It has been revealed that English councils have rejected over 70,000 applications for emergency housing assistance last year, however £9m of funding was given back to the government.
Inside Housing has conducted research which reveals that 153 councils underspent their discretionary housing payment allocations last year, whilst others turned away thousands of applicants whilst still spending over their allocated amount.
Responses by 203 councils to freedom of information requests showed 249,457 applications for DHP were received in 2013/14. Of these, 70,486 were refused, with 41,639 of the rejections made by councils which spent at least 95 per cent of their allocations.
Policy officer at the Chartered Institute of Housing, Sam Lister, has said that the way DHP allocations were calculated gave northern councils smaller pots.
A spokesperson for the Department for Work and Pensions said: “Last year we gave local authorities £190 million to help people through the introduction of our reforms – including a £20m top-up fund which councils could bid for. Only around a quarter of them applied, leaving £7m unspent, so we’re confident the funding was sufficient. Our reforms are bringing fairness back to a social housing system in which around 300,000 families were living in overcrowded conditions while over 800,000 bedrooms went spare. There are a range of reasons why individuals may have had their application for a payment turned down and it’s wrong to assume that everyone who applies should get a payment. It is also misleading to make comparisons between councils which have significantly different numbers of people affected and where rents differ significantly.”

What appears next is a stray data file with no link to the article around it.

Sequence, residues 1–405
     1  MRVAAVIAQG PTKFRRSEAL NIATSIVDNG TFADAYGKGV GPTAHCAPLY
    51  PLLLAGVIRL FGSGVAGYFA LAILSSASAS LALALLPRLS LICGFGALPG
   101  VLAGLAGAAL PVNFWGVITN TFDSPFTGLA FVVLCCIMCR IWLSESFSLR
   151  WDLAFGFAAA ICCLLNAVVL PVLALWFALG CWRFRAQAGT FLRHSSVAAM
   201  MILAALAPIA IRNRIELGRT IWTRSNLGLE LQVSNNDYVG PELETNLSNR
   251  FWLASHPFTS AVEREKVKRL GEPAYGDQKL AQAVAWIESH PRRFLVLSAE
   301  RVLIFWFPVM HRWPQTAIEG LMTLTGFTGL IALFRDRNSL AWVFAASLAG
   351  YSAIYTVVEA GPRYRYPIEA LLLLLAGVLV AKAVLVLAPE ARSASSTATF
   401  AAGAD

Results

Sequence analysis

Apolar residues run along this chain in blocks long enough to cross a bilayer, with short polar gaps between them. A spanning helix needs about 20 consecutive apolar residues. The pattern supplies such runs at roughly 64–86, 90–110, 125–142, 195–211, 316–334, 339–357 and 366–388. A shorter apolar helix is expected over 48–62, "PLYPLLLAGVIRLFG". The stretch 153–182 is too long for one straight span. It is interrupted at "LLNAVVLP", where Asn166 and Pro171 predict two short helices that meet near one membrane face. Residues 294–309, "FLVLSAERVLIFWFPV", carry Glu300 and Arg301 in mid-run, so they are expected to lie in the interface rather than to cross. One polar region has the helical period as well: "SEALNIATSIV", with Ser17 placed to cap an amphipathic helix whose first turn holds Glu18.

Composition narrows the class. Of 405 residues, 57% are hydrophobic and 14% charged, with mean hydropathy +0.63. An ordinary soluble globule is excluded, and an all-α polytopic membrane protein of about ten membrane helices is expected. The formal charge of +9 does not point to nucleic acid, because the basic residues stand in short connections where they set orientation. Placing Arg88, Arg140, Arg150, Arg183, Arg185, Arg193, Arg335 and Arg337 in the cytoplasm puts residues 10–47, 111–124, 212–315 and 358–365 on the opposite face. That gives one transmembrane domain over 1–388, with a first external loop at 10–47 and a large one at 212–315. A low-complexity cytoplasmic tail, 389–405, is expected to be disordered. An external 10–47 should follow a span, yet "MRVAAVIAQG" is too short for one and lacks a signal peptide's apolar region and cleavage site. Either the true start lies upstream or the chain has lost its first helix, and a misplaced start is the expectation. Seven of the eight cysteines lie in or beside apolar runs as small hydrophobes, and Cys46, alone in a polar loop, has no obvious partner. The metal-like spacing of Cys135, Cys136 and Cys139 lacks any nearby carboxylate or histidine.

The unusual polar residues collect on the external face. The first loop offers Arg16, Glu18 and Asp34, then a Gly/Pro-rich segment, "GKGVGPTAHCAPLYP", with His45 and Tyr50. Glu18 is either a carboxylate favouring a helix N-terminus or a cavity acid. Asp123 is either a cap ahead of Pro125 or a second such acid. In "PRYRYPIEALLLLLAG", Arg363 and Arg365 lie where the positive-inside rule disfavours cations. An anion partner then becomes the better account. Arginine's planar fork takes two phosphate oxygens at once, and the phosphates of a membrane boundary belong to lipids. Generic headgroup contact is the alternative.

Introduction The National Statement of Expectations for Supported Housing (NSE) was finally published on 20 October 2020, five years after the 2015 Comprehensive Spending Review suggested regulatory and oversight changes were needed, although in 2018 the government >>>
Responding to the DWP Consultation: Housing Benefit Reform - Supported Housing
"It was well-run, in a good location, and very useful. I've only one suggestion; as the session went on it would perhaps have been useful for bullet points of general agreement about what should be in the sector response to be displayed and added to as the session went on, maybe on a flip chart. Regarding your response paper, I particularly like the answer you give to question 9. In fact the general: "if it ain't broke don't fix it" response could be pushed harder."
M.P. - Adref Ltd